“One reason so few of us achieves what we truly want is that we never direct our focus; we never concentrate our power.”—Tony Robbins
Your Outcome: Learn how to use Hot Spots to create a simple map of what’s going on in your life. Use your Hot Spots map as a way to invest your time and energy where it really counts, and to know that you’re on your path.
Welcome to day 5 of 30 Days of Getting Results. In day 4, we look at letting things go with skill. Today, we look at mapping out what’s important. I call this practice Hot Spots and it’s from my book, Getting Results the Agile Way.
Heat Map Your Opportunities for Work and Life
Hot Spots are a way to see the forest for the trees. The simplest metaphor is to think of your life as a heat map.
Take a moment to actually imagine a heat map.
On this heat map, if I were to ask you, what’s going on at work, what would you see? If I were to ask you, what’s going at home, what would you see? If I were to ask you to step back and look across your life, what would you see?
I used those three levels for a reason: work, home, and life. Your ability to quickly see what’s going on in each area of your life, will help you make better trade-offs across the board.
Mental Model for Your Hot Spots
Here is a simple mental model for thinking about your Hot Spot map:
There are three things to notice here:
- There are three separate lists: Life Frame, Work, and Personal. These are three simple lists that help you figure out what’s going on in your life.
- Notice the “Backlog” category under Work and Personal. This is a way to put everything that’s not active, off your plate. You can acknowledge that you have a lot of projects at work or personal projects, but if they aren’t active in your life, then they are part of your “backlog.” Don’t mix them up with what’s really on your plate right now.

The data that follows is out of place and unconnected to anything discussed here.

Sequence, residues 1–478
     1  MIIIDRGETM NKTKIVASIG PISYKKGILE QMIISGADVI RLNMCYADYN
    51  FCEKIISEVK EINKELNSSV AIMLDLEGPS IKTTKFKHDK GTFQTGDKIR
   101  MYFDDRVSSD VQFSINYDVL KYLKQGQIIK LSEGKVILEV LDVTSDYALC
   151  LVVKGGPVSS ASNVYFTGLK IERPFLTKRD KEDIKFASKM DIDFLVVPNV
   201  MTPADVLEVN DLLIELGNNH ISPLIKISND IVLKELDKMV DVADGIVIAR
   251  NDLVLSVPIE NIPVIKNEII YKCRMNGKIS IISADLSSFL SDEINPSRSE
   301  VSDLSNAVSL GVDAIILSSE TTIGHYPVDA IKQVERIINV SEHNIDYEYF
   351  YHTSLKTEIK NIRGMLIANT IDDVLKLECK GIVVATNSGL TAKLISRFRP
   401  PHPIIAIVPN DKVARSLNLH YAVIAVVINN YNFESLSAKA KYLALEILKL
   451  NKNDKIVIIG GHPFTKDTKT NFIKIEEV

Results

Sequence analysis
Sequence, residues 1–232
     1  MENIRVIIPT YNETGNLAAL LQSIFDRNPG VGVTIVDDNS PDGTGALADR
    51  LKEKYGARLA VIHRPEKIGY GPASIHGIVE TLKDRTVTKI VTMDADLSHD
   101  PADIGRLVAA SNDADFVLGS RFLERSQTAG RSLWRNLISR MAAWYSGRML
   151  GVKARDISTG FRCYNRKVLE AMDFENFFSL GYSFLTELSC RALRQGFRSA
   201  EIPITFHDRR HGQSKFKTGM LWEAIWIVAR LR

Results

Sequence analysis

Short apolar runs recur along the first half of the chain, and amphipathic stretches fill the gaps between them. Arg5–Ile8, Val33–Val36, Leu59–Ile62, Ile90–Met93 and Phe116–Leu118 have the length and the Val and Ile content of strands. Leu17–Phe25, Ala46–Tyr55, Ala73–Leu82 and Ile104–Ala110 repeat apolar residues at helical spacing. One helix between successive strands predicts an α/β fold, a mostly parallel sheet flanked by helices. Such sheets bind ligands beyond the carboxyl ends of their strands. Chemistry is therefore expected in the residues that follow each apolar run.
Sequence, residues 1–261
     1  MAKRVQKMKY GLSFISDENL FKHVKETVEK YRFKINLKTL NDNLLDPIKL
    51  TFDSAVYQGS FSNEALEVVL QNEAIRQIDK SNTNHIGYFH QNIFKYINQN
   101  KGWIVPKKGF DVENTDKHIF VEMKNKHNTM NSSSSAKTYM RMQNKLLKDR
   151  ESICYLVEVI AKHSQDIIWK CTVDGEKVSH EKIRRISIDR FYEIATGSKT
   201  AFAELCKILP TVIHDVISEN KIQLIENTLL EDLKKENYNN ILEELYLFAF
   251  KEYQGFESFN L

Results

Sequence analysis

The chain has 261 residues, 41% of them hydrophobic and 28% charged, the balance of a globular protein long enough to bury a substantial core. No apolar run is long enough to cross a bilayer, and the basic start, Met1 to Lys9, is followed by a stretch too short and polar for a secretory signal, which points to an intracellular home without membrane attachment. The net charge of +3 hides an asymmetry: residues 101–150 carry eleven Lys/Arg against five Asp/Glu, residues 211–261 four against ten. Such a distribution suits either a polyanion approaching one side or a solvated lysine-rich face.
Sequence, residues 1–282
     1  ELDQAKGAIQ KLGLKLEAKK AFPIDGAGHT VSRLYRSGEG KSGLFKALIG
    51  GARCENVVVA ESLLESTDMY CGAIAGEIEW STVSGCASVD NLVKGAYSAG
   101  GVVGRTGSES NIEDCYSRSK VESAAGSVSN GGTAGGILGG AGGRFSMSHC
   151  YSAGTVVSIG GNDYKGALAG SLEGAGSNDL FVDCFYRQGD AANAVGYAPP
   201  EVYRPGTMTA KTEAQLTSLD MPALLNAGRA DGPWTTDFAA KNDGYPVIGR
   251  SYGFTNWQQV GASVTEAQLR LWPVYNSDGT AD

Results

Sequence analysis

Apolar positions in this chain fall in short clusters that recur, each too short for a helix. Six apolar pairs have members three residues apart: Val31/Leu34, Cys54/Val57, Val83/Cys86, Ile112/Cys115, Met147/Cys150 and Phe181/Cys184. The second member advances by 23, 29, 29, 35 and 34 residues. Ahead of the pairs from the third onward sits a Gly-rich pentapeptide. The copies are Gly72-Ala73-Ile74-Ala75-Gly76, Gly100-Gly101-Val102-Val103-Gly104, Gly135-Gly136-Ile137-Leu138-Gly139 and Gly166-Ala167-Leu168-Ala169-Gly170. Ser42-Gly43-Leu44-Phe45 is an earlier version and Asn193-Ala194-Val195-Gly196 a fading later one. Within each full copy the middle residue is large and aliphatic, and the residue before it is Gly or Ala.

- The Life Frame is a durable set of categories that is relatively stable over time: Mind, Body, Emotions, Career, Financial, Relationships, and Fun. If you invest in these areas, they support each other. If you don’t invest in these areas, they work against you. For example, try being your best when you let your body go, or try doing well at work, if you don’t build your relationships, or try having fun if you let your emotions run your life.
3 Steps to Map Out Your Hot Spots
For the purpose of this exercise, just think of your Hot Spots as simple lists. We’ll create three simple lists to answer the question, “What’s on your radar?”. Here are the steps to follow:
- Step 1. Map out your Work Hot Spots. Write down a list of your key roles, your activities, and your projects. Keep it at the macro level. This isn’t a dump of all your tasks. It’s the buckets, not all the items inside the buckets. For example, for work, I would list my main projects: “Common Catalog,” “Simple IA,” “Azure Security Notes,” “Customer Connected Engineering,”, etc. I turn themes of work into projects, and I give them a name. Making them projects gives them a start and finish, and helps me identify outcomes for the project, and measure the impact.
- Step 2. Map out your Personal Hot Spots. Write down a list of your key roles, your activities, and your projects at home. For example, for persona, I would list some of my main projects: “Getting Results,” “RV,” “Backyard,” .etc. Don’t worry about getting the order right – just dump what’s on your mind.